If, as Sens. John McCain (R-Ariz.) and Lindsey Graham (R-S.C.) have been proposing for months, U.S. missiles "crater" Syrian airfields, shoot down Syrian planes, and establish a "safe zone" for rebel forces, we will be at war with Syria in all but name. Yet according to McCain et al, the president could do all that without a declaration of war from Congress.
In the Republican-controlled House of Representatives, Speaker John Boehner (R-Ohio), Majority Leader Eric Cantor (R-Va.) and other GOP stalwarts appear ready to join Senate counterparts McCain, Graham, and others in bowing to Obama's global mission of defending peace through what some have called "humanitarian bombing." Even Democrats, who have been known to turn rather completely against wars they had previously authorized, may be walking into a trap by voting to authorize the military action, because Obama can force them to share in the blame if it turns into a debacle.
Despite statements by President Obama and others urging military action against Syria that such action will not involve U.S. "boots on the ground," Secretary of State John Kerry said the boots and bodies of those ground troops are on "the table" and among the options for possible use by the president in the effort to punish and deter Syria's alleged use of chemical warfare against rebel forces attempting to topple the Damascus regime.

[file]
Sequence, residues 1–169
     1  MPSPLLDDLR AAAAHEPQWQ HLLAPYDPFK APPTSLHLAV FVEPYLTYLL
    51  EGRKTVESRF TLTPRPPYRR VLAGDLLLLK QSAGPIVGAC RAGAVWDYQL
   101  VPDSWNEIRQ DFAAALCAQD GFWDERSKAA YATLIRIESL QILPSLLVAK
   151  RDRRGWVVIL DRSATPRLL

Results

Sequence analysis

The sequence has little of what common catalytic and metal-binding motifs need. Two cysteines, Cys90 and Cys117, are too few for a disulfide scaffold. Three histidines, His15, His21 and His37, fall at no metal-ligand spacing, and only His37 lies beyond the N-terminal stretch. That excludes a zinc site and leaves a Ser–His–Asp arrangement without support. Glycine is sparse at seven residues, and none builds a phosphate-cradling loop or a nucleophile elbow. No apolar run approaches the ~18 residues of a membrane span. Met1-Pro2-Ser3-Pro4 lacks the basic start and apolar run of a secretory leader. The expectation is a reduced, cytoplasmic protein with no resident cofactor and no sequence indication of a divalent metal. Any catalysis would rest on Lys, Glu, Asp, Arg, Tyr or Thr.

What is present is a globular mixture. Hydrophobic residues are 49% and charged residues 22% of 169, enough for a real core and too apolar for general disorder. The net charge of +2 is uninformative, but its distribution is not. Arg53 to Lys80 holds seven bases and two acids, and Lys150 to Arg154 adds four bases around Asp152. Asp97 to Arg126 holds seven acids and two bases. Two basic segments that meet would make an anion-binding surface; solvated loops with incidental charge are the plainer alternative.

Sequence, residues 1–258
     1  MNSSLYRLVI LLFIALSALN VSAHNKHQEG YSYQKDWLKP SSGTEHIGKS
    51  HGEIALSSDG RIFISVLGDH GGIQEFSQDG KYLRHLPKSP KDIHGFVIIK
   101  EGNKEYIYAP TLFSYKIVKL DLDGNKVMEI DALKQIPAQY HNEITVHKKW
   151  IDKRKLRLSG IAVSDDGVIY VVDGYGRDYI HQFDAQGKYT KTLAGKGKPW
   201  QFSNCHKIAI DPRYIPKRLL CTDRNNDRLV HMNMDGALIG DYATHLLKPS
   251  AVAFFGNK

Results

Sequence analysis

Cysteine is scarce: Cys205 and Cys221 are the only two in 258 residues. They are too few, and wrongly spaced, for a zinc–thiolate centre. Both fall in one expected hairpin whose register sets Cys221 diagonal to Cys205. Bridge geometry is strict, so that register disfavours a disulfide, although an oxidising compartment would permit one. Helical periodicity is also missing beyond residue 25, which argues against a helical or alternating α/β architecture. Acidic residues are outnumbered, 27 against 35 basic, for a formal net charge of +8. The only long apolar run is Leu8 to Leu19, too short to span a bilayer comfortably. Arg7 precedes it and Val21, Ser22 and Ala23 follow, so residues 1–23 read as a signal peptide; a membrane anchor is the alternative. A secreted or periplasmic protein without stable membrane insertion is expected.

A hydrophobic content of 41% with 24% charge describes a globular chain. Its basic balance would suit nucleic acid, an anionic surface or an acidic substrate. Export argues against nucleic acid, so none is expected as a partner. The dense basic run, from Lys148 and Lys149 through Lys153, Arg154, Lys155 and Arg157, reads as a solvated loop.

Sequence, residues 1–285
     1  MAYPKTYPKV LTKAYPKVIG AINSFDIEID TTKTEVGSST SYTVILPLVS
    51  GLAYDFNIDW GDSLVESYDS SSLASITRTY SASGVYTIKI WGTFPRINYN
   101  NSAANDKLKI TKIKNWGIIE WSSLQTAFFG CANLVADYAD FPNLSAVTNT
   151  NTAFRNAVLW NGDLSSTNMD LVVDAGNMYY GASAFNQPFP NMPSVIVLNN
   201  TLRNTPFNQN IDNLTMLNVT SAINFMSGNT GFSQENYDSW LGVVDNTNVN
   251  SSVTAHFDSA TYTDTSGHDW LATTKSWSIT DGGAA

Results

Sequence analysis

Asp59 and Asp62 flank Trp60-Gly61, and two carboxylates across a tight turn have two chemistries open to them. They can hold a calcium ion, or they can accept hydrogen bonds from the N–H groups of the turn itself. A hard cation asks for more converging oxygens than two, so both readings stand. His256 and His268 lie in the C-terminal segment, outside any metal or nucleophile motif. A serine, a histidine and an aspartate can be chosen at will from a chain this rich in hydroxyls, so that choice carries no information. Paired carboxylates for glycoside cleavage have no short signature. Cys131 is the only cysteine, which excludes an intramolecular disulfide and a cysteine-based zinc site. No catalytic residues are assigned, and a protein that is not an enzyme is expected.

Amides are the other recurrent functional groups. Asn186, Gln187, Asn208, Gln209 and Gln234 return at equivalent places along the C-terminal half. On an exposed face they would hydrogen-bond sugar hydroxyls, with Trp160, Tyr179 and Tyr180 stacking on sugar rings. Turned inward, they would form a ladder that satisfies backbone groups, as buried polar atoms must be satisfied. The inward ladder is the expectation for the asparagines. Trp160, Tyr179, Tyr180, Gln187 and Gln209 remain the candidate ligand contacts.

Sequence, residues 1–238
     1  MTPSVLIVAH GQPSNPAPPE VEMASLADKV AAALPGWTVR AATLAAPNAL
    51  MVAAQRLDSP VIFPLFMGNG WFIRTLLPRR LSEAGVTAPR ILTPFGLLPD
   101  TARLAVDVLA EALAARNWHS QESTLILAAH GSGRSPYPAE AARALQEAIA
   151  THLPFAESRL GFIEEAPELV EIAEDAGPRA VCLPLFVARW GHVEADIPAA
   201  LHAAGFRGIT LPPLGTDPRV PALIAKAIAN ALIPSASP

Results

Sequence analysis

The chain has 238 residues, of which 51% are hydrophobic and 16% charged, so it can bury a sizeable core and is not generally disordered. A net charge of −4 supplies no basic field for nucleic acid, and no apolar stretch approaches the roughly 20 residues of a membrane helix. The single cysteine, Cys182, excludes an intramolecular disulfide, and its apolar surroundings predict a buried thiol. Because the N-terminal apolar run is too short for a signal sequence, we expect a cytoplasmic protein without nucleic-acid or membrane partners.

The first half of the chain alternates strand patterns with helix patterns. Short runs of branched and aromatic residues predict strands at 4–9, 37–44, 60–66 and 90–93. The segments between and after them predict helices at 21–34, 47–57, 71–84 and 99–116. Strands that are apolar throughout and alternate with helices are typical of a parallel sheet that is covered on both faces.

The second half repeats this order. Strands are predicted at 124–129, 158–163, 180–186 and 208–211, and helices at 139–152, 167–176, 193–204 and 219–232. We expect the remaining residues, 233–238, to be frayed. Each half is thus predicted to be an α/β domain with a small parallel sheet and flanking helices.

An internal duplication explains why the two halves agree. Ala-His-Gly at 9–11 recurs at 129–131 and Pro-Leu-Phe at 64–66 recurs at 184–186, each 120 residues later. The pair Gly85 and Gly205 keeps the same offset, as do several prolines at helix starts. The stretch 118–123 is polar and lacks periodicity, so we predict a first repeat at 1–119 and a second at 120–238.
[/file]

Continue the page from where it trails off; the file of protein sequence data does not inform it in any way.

"I don't want to take off the table an option that might or might not be available to the President of the United States to secure our country," Kerry said, indicating that a ground invasion to secure Syria's chemical weapons may become reality.
Indeed, securing those weapons would require a ground invasion, and without securing them, vague proposals for a military strike or strikes against Syria make little-to-no sense. Only if such strikes were to lead to a ground war would they succeed in the ultimate goal of "securing" the weapons from either side in the two-and-a-half-year civil war in the Arab nation that has killed an estimated 100,000 people or more.
The determination to take nothing "off the table," could, if taken at face value and carried to its logical conclusion, lead to the United States responding to Syria's alleged use of chemical weapons with our own use of nuclear weapons against that nation. The chemical weapons may have, according to reports, killed roughly one thousand people, including women and children. Nuclear weapons would, of course, kill hundreds of thousands.
President Obama, who has claimed he needs no authorization from Congress to launch military strikes against Syria, is nonetheless seeking such authorization for moral and political support and to add a noted of legitimacy to what will surely be denounced as illegal and unjust acts of war. There has been no effort to get authorization from the United Nations, since Russia and possibly other countries would almost certainly veto any resolution for it in the Security Council.